Adding new equipment

If you already have a fully functional solar system on your RV, but you add more batteries and/or solar panels for an update, you can claim the credit for any new costs associated with the addition. However, you can’t go back and claim the credit for the previously installed equipment. Hopefully, you already claimed the credit for those costs back then. It is required that you install new panels to be able to take this credit. If you simply want to add more batteries to your system, I suggest adding a new panel as well to take advantage of this credit.

No repayment necessary

If you install a residential solar power system on a home (an RV qualifies as a home) you own, you can claim the whole credit and sell at any point afterward with no repayment necessary. Keep in mind this is only true for residential solar power including your RV. The law is significantly more complex for commercial solar installations.

You may also choose to move your solar panels and batteries to a new RV should you change your rig. There’s no repayment necessary there either. Nor do you get to take any credit again unless you add new panels to your system.

Keep records

It is important to keep records of all your receipts for your solar install. You can do this digitally if you like. This includes not only receipts for all the solar components like panels, batteries, wires, inverters, etc., but also for any labor for the install. These are for your records should the IRS question any credit you take. If you want to be extra organized, you can keep a spreadsheet with the date of each item purchased or labor and the cost. This will help make it easy at tax time to figure your solar energy credit.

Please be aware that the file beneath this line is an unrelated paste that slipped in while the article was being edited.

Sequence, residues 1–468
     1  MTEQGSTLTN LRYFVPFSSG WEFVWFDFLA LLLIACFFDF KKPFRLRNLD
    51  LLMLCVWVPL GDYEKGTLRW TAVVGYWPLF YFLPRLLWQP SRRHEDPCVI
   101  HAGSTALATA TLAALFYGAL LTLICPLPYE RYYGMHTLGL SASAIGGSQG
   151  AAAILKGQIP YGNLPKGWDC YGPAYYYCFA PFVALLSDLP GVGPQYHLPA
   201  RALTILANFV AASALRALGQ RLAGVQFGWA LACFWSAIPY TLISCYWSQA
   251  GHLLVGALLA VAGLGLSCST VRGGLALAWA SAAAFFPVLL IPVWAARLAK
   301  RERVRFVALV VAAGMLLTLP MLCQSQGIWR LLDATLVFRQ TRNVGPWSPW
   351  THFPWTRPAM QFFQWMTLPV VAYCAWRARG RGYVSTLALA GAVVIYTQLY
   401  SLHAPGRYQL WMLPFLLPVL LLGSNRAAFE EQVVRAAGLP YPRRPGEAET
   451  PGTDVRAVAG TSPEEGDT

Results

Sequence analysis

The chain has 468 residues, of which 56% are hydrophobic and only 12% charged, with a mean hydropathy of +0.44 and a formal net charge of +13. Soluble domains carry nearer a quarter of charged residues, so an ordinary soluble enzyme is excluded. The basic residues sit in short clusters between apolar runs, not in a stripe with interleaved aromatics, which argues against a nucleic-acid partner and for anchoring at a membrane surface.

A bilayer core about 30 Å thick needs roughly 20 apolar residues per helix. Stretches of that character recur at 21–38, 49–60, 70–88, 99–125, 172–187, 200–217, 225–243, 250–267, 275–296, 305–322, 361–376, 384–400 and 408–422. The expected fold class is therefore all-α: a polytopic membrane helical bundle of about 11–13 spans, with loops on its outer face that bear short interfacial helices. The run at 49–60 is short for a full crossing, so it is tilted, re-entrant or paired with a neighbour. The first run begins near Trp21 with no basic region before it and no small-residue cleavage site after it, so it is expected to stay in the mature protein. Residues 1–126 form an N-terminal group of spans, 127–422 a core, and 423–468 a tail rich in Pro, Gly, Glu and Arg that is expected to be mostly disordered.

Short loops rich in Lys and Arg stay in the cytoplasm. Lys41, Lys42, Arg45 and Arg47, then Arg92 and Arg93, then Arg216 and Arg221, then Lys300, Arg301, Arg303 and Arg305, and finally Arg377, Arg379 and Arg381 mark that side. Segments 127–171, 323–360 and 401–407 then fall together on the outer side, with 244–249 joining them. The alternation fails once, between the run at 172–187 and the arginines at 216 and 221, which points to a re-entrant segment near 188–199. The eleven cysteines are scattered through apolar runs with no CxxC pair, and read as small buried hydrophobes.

Taking the residential energy credit for your solar power is actually quite simple and a pretty nice bonus for those who plan to be off-grid with their RV. If you still have questions or concerns, I suggest you talk with a tax professional to get answers for your specific situation.

Residential Solar Energy Credit: What You Need to Know for Taxes 1


Heather Ryan

Heather is the owner of Tax Queen, a tax firm supporting entrepreneurs and digital nomads. As a federally-licensed Enrolled Agent, she supports her clients year-round with tax preparation, tax planning and bookkeeping for RV entrepreneurs. She also educates digital nomads and entrepreneurs through her blog posts and has written a book, Taxes for RV Owners, to help RV owners understand deductions and taxes. She hit the road in September 2016 and travels in a 5th wheel with her husband and two dogs.

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Residential Solar Energy Credit: What You Need to Know for Taxes 2

4 Responses to “Residential Solar Energy Credit: What You Need to Know for Taxes

  • Heather Ryan
    Mary Ochoa
    2 years ago

    Thanks for this information. Very helpful!

  • What about travel Van’s? Does the IRS accept them as secondary residences for the solar tax write off? How about the auto loan interest?

    The bedroom is not ‘closed off’ which is the only item that doesn’t seem to fit the IRS description I read. The DMV of course does count it as an RV. Does the IRS consider or ‘require’ the DMV certification?

    Any experience or information would be appreciated.

  • Yes. A van would qualify as long as it has a sleeping area, kitchen space, and a bathroom. Loan interest qualifies as well as long as the loan is secured by the vehicle and not a personal loan. Also, most full-timers don’t qualify to itemize deductions where is where the interest gets taken.

  • Heather Ryan
    Todd Thompson
    2 weeks ago

    Can batteries be included for the tax credit if they are also capable of being charged by shore power, generator or alternator?